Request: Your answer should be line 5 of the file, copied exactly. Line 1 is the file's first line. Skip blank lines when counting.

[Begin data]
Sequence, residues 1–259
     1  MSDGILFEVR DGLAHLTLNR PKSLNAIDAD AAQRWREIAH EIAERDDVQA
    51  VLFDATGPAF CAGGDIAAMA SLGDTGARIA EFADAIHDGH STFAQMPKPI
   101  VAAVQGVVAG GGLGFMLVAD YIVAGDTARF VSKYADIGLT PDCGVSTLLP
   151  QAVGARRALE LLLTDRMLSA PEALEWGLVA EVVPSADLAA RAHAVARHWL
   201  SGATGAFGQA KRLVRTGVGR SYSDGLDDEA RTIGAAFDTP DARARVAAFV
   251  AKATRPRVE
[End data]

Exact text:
   151  QAVGARRALE LLLTDRMLSA PEALEWGLVA EVVPSADLAA RAHAVARHWL